Immigration regulations recognize the significance of common-law partner relationships on a par with those between legal spouses.
What is the relationship between partners in a common-law marriage?
In light of the immigration rules and European Union regulations, the term “common-law partner relationship” is interpreted as follows:
“Two persons living together in a marriage-like relationship for at least two years may be considered common-law partners.”
This definition does not include casual dating or any short-term relationship in which neither party has any long-term intention of living together in a relationship similar to marriage or civil union. The phrase “marriage-like” means a relationship similar in nature to a marriage or civil union, which includes relationships outside of marriage and relationships between persons of the same sex.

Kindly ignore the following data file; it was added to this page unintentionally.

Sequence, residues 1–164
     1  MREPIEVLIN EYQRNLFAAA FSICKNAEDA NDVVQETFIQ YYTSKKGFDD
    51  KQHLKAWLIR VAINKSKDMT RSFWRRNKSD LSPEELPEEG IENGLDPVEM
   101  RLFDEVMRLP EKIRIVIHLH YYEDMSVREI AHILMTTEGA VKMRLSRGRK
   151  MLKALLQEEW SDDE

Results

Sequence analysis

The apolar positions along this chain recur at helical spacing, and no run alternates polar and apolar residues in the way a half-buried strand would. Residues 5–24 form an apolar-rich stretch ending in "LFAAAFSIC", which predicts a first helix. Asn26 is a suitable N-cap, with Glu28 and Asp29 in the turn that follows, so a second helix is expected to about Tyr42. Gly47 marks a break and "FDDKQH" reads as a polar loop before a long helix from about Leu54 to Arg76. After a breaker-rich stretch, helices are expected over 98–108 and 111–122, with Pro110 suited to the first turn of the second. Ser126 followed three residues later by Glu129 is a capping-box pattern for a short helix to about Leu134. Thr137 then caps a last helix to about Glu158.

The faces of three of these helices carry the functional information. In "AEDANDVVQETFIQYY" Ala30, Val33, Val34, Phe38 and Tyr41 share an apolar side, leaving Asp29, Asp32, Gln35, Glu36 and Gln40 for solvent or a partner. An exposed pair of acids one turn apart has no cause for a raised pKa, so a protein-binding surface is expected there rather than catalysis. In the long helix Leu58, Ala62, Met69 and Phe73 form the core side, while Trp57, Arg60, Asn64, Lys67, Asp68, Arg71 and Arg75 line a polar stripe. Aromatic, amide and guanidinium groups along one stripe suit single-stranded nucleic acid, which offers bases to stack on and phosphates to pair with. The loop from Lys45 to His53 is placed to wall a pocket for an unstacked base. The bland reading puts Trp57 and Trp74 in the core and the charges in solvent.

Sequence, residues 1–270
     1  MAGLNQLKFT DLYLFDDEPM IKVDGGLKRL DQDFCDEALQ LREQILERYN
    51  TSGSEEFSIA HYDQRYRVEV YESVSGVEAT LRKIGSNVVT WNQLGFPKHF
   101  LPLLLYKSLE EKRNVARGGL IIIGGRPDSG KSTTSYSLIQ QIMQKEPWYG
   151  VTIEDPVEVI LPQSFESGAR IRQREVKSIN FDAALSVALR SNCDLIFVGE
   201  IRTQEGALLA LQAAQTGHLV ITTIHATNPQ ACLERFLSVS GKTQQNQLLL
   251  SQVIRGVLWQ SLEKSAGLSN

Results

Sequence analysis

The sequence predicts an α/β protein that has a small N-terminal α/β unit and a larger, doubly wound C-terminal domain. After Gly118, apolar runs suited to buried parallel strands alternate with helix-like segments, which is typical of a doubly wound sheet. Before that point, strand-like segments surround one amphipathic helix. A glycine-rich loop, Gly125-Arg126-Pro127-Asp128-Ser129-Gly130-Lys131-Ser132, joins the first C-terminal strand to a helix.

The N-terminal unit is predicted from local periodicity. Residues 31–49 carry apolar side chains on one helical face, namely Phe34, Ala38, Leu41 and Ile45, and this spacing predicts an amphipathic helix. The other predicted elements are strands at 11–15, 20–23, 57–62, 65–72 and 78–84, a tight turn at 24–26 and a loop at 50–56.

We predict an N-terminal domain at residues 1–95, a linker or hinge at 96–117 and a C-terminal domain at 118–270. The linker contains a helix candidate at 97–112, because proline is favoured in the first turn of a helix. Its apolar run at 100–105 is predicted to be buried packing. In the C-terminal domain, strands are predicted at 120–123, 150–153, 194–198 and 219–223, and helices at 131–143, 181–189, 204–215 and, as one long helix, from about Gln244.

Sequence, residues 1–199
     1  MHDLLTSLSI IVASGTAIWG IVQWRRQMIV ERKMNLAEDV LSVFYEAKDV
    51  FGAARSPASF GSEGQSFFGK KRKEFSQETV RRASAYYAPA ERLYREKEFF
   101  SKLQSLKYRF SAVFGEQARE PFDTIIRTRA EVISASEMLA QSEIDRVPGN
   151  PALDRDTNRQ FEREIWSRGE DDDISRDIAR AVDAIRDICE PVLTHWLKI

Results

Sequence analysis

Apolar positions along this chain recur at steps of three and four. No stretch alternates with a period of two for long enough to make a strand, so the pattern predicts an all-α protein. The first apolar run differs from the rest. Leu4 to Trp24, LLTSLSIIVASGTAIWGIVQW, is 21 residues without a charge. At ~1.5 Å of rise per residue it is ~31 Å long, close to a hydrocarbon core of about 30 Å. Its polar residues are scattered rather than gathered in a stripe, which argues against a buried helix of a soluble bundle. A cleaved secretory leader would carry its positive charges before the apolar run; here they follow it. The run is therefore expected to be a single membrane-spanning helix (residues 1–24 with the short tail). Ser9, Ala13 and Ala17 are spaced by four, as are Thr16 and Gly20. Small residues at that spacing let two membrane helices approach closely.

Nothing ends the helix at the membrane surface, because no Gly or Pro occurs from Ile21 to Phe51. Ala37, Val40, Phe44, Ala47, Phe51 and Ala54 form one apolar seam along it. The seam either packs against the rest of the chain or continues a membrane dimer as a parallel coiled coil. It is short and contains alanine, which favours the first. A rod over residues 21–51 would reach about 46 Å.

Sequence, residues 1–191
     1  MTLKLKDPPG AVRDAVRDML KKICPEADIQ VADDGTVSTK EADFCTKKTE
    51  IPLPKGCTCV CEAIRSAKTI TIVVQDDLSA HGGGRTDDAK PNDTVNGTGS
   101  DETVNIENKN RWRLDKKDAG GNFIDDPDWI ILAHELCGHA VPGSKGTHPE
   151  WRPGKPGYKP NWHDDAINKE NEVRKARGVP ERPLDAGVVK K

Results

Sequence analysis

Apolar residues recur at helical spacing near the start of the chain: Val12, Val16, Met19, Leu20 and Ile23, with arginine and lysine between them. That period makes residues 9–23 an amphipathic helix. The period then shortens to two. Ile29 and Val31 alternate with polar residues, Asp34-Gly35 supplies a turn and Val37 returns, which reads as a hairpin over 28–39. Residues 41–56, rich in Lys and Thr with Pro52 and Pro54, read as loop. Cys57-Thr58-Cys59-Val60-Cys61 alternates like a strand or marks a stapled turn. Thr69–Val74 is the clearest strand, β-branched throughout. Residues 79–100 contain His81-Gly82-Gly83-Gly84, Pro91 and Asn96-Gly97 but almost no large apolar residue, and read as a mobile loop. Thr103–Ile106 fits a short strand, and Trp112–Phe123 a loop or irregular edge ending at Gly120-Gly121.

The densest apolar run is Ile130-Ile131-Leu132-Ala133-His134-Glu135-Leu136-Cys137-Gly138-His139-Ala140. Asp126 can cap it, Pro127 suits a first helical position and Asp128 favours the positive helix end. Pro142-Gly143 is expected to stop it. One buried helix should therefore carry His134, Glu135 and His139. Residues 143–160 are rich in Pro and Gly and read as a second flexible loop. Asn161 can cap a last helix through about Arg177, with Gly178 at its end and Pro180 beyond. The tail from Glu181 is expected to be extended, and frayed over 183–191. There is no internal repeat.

The rules that apply to common-law and same-sex partners aim to allow them to continue their existing relationship. These rules do not open the door to couples who have just started living together, but they do allow those couples who have been living together for a long time to enter or remain in the UK on that basis.
Who can apply On this basis?
Only the persons listed below can bring their civil partners to the UK:
– A person present and domiciled in the UK
– An EEA national with permanent residency or settled status under the EU Settlement Scheme
– Certain categories of persons with limited leave to remain in the UK.